Working with animals requires a good amount of dexterity and injecting drugs into a mouse brain is pretty hard. In the grand scheme of cognitive neurobiology research, it’s pretty simple surgery, but at the undergraduate level it is probably one of the most challenging things that I would do.
Also, another component of my thesis involves working with big data and doing computer-science work, so I had to teach myself a lot of computer science stuff, too. That was tough and challenging, but you grow and learn a lot from it.
What advice would you give to your younger self?
Especially with lab theses, there is only a certain amount of control when you run the experiments. And there is a lot of stuff you can’t control. That is just going to happen.
One of the most important parts of doing thesis, and being involved with science at all, is just understanding that nothing is ever going to be perfect. You are going to mess up and you are going to fail. But don’t be discouraged or shy away from that. Just learn from your mistakes and move on. Be a little too optimistic at times because you need that positive energy to keep going, because there will be a lot of roadblocks to be found, but you can overcome them.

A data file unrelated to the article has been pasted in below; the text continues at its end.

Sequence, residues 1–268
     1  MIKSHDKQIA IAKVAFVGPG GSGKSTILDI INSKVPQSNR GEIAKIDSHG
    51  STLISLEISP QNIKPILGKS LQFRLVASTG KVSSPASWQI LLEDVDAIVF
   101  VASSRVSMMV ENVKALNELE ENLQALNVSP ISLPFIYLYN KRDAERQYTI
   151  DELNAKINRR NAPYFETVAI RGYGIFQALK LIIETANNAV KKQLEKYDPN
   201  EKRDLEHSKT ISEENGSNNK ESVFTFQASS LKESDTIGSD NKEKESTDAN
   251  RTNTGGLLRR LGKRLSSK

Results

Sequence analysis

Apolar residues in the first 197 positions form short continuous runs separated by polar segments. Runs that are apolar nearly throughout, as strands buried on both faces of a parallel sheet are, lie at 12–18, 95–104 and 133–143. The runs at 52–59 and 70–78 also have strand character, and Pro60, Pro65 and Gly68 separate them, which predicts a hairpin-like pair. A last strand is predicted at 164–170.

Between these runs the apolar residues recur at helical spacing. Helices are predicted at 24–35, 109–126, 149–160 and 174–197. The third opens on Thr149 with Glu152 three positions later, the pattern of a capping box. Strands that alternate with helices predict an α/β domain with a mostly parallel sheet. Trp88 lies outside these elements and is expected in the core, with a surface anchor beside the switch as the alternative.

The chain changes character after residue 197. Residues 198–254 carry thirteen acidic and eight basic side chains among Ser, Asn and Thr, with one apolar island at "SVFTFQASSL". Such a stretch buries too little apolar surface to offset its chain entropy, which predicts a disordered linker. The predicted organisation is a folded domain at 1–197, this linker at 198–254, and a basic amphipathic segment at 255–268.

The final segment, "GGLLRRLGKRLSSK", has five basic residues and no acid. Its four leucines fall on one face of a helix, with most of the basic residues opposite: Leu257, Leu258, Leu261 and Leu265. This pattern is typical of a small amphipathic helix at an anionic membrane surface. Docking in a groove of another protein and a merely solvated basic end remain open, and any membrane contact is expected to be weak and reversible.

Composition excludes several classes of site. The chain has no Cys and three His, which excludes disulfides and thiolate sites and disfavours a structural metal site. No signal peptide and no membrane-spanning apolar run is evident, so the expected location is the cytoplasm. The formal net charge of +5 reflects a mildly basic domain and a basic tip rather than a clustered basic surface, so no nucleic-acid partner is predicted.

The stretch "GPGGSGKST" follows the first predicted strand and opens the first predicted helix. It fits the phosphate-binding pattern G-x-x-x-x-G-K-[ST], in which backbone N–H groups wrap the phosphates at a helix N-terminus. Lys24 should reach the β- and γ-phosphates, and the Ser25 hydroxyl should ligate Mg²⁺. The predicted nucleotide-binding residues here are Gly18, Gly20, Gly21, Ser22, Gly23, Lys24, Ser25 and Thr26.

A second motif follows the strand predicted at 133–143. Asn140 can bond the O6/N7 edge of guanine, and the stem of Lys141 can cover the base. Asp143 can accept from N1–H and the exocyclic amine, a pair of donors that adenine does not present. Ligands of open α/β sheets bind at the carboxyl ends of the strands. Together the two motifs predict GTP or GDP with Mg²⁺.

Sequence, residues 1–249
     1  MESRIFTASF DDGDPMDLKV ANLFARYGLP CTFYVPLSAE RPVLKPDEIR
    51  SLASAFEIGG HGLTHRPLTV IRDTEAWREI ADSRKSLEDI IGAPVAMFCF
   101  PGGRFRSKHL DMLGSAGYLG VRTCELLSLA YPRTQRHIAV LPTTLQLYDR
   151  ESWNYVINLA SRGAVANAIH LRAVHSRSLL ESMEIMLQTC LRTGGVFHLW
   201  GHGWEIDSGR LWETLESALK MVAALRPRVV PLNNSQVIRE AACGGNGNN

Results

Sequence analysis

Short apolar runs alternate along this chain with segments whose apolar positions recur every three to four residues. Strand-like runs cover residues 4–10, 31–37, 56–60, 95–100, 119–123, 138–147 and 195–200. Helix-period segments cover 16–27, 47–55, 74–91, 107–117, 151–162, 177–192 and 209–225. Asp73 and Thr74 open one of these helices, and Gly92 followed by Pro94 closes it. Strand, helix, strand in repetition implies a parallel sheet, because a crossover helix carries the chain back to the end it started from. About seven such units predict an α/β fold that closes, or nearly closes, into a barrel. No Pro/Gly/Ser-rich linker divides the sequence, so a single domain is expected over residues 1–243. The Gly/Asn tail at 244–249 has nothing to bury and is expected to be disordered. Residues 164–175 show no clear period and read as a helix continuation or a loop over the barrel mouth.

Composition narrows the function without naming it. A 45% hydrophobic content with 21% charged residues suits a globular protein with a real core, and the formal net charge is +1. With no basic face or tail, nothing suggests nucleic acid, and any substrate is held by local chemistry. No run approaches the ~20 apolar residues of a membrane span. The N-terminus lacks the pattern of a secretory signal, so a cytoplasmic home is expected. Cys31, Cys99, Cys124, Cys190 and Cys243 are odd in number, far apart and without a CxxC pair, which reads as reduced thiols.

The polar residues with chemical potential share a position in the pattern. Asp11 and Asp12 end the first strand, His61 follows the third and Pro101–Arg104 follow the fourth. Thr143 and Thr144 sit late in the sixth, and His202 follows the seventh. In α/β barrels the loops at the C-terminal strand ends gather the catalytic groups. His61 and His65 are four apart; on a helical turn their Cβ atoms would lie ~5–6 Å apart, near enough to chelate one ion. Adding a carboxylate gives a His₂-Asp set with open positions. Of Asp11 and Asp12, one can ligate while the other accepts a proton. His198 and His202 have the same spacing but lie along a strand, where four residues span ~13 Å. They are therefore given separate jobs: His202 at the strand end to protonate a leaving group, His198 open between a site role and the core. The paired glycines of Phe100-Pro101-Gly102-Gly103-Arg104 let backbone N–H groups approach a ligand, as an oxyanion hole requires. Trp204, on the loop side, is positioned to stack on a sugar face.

Plans for next year?
I hope to continue doing neuroscience research for the next five years, at least.
I’ve been accepted to a couple neuroscience Ph.D. programs, at Washington University and Vanderbilt, and am heading to Stanford for interviews this week.
I have the potential opportunity to work with a professor who advised Professor Kennedy, doing the same sort of work at a research university that we’re doing here at Bates.
Interviews are just a great time to talk science with professors and be immersed in an environment where everyone is as passionate about studying neuroscience as you are.